Solar aircraft on world tour obstructed by bad weather

The aircraft is part of an experimental project to raise awareness about renewable energy

By DTE Staff
Published: Sunday 01 June 2014


Poor weather could thwart attempts to cross the Pacific Ocean using a solar-powered plane. The experimental craft, called Solar Impulse, was forced to land in Japan on Sunday (May 31) after weather conditions in the area worsened.

Since the aircraft is powered by solar energy—it is fitted with 17,000 solar cells—it needs clear skies to store sufficient energy for its overnight journey, besides favourable winds to push it forward. The team’s meteorologists will continue to assess the weather before giving a green signal for the aircraft to take off.

Solar Impulse—which took off from Abu Dhabi on March 9 this year—is part of a Swiss experimental project to raise awareness about renewable energy. The flight is manned by Andre Borschberg. The aircraft has embarked on a 35,000 km journey around the world, and the crossing of the Pacific, spanning about 130 hours, is considered to be the most challenging leg of the tour.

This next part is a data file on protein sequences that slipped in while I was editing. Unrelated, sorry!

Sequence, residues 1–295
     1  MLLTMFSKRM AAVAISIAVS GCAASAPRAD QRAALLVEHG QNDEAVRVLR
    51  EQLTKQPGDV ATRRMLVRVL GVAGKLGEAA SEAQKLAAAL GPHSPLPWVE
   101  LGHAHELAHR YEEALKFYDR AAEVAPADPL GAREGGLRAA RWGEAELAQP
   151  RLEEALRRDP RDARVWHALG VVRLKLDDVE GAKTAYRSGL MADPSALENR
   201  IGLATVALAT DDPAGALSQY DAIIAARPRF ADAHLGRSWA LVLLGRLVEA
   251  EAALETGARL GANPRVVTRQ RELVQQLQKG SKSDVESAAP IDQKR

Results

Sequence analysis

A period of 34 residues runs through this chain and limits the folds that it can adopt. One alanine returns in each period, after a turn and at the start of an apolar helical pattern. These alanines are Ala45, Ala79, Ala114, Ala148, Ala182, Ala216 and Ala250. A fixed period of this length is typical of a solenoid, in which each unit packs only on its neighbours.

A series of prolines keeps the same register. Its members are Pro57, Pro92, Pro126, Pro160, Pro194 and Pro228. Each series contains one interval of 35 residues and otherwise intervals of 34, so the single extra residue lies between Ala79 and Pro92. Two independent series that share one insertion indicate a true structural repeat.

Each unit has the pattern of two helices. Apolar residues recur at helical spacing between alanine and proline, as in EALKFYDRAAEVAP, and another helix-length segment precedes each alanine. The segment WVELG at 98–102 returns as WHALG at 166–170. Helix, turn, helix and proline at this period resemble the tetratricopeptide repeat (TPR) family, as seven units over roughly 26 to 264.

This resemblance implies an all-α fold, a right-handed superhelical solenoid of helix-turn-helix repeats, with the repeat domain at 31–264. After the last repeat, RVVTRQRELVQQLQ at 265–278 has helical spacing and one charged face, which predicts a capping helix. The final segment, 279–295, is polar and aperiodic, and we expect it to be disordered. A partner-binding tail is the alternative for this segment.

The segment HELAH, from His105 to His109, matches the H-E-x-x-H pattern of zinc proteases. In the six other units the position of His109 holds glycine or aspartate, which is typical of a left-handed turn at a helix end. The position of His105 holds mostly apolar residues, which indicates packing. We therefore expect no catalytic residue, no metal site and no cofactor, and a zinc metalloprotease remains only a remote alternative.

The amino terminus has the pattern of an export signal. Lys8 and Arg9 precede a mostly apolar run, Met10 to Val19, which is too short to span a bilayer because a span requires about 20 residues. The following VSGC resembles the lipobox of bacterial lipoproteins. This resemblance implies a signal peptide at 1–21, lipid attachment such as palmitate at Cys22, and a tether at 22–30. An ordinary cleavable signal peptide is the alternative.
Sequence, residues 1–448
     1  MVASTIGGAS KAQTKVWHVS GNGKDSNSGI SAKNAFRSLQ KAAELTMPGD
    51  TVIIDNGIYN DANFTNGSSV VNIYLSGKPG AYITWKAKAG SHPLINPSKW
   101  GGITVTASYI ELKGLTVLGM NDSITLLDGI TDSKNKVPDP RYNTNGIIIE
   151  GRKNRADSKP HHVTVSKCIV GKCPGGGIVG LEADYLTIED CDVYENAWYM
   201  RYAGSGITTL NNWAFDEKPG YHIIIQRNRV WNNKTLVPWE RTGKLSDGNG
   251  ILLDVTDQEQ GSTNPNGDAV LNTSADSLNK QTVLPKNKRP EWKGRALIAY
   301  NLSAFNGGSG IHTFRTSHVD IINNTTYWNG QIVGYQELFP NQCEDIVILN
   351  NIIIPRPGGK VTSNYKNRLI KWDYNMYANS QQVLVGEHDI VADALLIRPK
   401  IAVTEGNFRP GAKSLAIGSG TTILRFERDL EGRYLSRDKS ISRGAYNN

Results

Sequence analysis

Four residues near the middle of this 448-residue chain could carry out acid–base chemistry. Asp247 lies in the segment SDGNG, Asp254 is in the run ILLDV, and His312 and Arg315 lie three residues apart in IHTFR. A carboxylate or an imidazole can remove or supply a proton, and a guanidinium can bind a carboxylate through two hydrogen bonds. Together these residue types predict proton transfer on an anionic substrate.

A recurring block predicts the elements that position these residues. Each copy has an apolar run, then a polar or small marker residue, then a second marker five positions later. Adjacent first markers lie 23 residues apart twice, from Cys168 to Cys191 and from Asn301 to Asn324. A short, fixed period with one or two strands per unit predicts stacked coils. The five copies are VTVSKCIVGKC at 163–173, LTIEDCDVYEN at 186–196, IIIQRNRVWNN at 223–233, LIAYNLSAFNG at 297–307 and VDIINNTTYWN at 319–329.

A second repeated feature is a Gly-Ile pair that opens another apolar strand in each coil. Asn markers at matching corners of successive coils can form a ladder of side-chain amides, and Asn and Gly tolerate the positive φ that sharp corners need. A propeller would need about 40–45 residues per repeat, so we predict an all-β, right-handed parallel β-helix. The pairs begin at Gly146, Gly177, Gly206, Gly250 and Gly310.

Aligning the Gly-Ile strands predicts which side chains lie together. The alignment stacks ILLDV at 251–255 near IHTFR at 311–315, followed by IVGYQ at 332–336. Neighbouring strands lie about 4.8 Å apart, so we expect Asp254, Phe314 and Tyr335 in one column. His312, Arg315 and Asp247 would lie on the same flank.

Team member Bertrand Piccard, who has been monitoring the flight from mission control in Monaco, told BBC, “For the moment the road to Hawaii is blocked. We need all the data from the next weather forecasts, so that our weather experts can analyse what’s going to happen in the next four to five days.”

The pilots fear that further delays could have an impact on the later stages of the flight. According to a BBC report, the aircraft needs to cross the United States and then the Atlantic before the hurricane season starts to peak in August. But at the moment, there is little the team could do except wait for clear skies. “We have asked Andre to stay where he is. The weather is good and the batteries are charging,” Piccard added.

The aircraft crossed Varanasi in India to Mandalay in Myanmar on March 19, covering 1,398 km in 13 hours and 29 minutes.


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